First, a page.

Newcastle duo RAAVE TAPES have delivered a 100% certified belter with their latest single, 'Red Flag', so we wanted to get to know them!
Newcastle's RAAVE TAPES are a name you should be acquainted with, and their latest single serves as the perfect introduction. Visceral dance-punk that is perfect for fans of Death From Above 1979, the duo have just released a brand new belter titled 'Red Flag' that is a 100% certified banger. Sounding like if Melanie C's 'I Turn To You' was created with The Presets when they first started, it's a frenetic and intense four minutes that puts the "rave" in RAAVE TAPES.
Now a duo, the pair have heralded in a slightly new direction with 'Red Flag', and its one we are absolutely here for. All about "about unwanted attention and advances, and how the deliberate disregard for boundaries can ruin a night out, or have lasting impacts," both Lindsay O'Connell and Joab Eastley shine so brightly on this song with their vocal stylings both sharing centre-stage. Channeling the indie-dance hallmarks of some of our most loved bands like the aforementioned Presets, Bloc Party or even earlier Northeast Party House, they're now set to make this year theirs. Before they do, however, we wanted to get to know them a little better. Check out our chat below, and listen to 'Red Flag' right here.
Who are you?
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We’re RAAVE TAPES - a lil’ dance-punk outfit out of Newcastle. So lovely to meet you x
How did RAAVE TAPES come to be? What are we talking, vibes-wise?
We were fortunate enough to find our feet in Newcastle around the same time as No-Fi Collective found theirs. We cut our teeth playing a slew of raucous house shows & found a home within that scene. Vibes-wise, we traditionally swayed towards a fairly aggressive brand of dance-punk – think Death From Above 1979 or early DZ Deathrays.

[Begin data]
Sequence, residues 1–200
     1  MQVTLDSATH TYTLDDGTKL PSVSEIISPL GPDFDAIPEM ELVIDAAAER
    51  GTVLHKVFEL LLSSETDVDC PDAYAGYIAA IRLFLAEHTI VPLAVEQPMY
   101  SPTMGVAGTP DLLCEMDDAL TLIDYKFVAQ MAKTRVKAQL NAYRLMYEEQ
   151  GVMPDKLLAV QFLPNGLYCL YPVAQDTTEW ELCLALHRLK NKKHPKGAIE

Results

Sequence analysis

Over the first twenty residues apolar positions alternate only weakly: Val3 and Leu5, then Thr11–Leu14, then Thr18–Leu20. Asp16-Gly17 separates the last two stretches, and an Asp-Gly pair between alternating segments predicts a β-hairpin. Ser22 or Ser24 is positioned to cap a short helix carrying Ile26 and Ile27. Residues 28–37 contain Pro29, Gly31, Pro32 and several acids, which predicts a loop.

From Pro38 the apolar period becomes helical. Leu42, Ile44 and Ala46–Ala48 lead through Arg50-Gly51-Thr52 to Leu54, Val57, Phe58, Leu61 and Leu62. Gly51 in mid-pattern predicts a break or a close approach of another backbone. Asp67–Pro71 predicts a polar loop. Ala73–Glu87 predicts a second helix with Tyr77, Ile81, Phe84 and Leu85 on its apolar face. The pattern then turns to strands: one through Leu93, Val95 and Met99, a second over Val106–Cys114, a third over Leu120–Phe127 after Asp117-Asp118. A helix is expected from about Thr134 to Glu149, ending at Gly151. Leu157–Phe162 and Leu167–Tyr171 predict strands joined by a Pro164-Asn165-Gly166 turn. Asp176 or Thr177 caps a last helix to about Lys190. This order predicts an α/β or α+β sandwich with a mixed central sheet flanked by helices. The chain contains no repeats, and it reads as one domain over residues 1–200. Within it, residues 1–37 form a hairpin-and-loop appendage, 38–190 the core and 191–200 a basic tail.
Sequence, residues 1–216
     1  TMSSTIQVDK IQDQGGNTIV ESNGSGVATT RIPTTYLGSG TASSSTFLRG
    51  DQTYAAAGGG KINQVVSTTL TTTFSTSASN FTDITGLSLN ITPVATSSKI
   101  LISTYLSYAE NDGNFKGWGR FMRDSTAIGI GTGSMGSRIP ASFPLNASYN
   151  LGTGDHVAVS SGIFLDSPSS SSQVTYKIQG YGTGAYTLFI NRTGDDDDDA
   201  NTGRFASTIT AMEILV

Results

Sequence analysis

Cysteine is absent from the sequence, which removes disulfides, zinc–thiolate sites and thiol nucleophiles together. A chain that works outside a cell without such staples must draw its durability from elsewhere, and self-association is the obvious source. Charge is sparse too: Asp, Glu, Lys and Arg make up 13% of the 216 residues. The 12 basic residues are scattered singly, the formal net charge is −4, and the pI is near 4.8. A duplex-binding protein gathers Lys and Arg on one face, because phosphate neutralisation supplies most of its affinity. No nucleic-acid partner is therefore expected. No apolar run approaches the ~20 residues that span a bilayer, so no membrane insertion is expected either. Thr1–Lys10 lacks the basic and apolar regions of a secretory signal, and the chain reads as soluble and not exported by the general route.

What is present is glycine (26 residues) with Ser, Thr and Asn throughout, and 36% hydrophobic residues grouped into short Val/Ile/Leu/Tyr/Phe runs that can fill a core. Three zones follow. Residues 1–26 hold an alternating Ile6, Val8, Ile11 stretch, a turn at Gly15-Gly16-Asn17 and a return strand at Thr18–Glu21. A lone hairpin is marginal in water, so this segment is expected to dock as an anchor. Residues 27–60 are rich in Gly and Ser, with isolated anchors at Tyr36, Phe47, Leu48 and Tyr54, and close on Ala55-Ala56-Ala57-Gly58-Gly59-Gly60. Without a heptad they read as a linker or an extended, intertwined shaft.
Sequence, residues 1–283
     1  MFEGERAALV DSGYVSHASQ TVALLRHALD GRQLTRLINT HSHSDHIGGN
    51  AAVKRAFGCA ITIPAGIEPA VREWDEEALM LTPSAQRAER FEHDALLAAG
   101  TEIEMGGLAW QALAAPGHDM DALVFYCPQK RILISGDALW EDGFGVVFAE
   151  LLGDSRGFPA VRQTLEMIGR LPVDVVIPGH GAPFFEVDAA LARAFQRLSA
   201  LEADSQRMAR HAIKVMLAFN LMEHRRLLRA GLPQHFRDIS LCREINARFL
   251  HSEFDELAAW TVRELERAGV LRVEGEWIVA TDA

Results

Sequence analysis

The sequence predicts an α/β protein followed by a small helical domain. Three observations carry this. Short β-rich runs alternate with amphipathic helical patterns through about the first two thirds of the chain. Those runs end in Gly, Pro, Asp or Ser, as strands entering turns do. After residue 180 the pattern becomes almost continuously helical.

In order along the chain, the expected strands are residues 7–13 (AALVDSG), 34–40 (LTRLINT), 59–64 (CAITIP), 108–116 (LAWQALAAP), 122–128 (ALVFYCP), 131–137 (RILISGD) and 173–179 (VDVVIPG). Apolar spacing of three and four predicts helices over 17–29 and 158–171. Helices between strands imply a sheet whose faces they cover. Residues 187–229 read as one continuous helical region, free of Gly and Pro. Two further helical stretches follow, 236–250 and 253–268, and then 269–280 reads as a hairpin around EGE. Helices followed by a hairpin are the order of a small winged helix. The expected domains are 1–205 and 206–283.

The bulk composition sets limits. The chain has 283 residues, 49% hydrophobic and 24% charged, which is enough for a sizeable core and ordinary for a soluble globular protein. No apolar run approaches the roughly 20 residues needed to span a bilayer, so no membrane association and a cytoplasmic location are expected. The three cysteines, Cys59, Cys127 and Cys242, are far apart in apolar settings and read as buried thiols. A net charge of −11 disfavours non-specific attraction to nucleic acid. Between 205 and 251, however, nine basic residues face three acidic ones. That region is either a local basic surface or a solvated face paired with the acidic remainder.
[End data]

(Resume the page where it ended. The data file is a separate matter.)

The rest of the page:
Tell us more about your single, Red Flag?
Red Flag is the first taste of our harmonious convergence with Sydney producer Fletcher Matthews. Our previous releases had all been recorded in a fairly punk-DIY fashion in Newcastle, whereas Fletch encouraged us to explore the electronic elements of our sound. It definitely feels less like a change in direction, but more of a realization of a sound we’ve always been driving towards. A little less tape, a whole lot more rave if you will.
What can we expect from you in the months ahead?
We’re currently working on juicing up our live set. New sounds bring new gear, so we’ve integrating a bunch of sequencers, drum machines & sample pads into the setup. We’ll be releasing heaps of new music too. Actually, a collab with one of Purple Sneakers’ fave Sydney artists is next cab off the rank I think. Huge mood.
Where can we hear more from you?
Whichever streaming platform your heart desires – even Tiktok.
Introduction by Emma Jones
Image by Liv Jansons